Kenneth Bauer, Senior Lecturer, Department of Anthropology, Dartmouth College
Eveline Washul, Director of the Modern Tibetan Studies Program, Weatherhead East Asian Institute, Columbia University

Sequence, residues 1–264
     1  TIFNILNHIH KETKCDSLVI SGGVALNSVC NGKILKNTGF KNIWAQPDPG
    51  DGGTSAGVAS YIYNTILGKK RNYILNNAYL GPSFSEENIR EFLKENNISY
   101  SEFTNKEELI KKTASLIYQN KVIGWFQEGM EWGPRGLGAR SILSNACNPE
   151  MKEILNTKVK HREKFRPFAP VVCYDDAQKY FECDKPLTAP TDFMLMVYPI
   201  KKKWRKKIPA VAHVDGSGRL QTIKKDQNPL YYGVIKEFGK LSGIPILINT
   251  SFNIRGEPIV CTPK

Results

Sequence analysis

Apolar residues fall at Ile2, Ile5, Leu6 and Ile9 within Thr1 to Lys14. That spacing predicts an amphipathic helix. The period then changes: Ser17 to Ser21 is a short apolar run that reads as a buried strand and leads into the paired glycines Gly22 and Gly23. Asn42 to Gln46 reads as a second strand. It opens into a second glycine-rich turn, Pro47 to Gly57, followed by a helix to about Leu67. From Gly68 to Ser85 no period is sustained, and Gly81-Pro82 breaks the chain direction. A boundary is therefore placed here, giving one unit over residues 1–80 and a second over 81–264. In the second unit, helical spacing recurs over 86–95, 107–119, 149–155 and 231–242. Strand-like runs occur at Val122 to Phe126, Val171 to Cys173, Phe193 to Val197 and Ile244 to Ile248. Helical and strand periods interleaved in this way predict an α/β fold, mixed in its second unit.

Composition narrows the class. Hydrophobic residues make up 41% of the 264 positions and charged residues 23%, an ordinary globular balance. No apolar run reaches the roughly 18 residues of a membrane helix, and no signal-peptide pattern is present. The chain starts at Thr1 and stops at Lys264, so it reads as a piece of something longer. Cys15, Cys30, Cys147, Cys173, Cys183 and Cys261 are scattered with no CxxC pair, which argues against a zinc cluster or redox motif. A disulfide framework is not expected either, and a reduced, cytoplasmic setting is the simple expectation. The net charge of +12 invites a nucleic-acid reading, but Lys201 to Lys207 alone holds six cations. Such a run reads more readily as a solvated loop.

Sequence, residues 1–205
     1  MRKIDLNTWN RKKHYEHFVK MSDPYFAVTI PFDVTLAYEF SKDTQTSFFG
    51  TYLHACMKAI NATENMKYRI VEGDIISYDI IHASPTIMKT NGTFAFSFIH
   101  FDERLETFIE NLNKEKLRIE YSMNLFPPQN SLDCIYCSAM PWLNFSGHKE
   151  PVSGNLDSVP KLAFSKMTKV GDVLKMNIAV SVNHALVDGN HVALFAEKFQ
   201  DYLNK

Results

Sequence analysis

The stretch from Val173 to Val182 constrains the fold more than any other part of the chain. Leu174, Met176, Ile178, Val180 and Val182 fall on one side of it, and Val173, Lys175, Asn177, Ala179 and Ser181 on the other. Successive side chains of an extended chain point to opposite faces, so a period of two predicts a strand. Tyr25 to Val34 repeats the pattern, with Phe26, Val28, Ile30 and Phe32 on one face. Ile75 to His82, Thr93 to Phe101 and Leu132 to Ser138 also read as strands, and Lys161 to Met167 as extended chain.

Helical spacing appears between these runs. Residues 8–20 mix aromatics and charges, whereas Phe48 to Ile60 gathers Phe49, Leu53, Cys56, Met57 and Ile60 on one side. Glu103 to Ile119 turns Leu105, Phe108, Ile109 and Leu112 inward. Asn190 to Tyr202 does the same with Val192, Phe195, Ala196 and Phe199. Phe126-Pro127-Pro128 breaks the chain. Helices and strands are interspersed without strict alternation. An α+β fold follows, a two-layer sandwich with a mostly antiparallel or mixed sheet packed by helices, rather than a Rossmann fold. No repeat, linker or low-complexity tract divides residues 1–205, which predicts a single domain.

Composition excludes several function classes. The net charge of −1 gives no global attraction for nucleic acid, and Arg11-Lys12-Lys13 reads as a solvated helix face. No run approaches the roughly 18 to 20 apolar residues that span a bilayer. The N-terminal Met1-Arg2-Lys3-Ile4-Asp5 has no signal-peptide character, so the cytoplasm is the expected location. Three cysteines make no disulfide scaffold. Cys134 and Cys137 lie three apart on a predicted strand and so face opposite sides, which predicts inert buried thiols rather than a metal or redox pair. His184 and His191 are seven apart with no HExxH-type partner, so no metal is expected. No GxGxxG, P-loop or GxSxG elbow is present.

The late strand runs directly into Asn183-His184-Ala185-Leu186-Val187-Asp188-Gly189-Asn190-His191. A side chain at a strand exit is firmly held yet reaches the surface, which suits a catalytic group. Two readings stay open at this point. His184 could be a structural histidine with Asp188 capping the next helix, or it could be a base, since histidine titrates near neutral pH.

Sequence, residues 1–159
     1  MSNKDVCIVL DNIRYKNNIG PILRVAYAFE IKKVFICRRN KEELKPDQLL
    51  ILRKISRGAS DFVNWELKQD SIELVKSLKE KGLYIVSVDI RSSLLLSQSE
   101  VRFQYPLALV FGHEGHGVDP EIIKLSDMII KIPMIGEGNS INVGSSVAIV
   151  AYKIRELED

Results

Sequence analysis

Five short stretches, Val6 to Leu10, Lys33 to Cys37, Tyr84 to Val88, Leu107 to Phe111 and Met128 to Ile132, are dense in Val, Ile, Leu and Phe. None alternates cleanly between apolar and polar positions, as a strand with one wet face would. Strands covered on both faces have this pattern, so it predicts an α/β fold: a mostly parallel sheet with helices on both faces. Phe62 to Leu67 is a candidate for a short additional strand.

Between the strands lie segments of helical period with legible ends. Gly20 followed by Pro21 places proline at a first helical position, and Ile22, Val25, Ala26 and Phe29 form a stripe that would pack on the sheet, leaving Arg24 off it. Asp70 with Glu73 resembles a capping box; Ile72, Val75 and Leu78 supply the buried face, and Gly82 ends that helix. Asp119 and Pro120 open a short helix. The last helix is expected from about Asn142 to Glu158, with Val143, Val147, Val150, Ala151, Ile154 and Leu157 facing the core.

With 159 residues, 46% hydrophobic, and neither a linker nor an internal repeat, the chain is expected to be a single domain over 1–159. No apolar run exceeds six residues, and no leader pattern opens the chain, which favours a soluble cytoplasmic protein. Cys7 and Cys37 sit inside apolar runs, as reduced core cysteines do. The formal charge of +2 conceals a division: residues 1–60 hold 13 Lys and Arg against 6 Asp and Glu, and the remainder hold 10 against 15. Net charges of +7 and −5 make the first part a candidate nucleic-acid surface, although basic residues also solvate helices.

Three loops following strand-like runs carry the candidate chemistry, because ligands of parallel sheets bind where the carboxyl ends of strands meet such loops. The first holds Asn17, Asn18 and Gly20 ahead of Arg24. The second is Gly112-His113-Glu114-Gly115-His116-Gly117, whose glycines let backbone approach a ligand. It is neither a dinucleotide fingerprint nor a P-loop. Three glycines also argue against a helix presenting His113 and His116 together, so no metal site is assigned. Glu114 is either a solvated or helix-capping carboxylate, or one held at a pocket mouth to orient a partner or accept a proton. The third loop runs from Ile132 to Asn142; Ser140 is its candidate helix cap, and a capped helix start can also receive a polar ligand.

Drawing upon fieldwork in western Nepal, the Tibet Autonomous Region, and the eastern Tibetan Plateau as well as historical and contemporary maps, I will argue that there is a recognizable but as yet underappreciated body of knowledge and traditions that comprise a Tibetan cartography. In addition to describing a coherent set of representational and embodied practices that were foundational to Tibetan efforts to map their worlds, I will argue that mapping practices were, in fact, integral to governance in pre-1950s Tibet. Though the Tibetan state may justly be called “minimal” (Jansen 2019) prior to assimilation by the People’s Republic of China, the delineation and claiming of territory through mapping occurred at multiple levels and was, as Scott (1995) instructs, one way that the state ‘saw’ its territory. Even as we recognize aspects of cartographic practices that are shared between contemporary scientific and Tibetan approaches, the case of Tibet can also catalyze an expanded notion of geography beyond the material bounds and geopolitical purposes to which scientific cartographers aspire, but also limit themselves.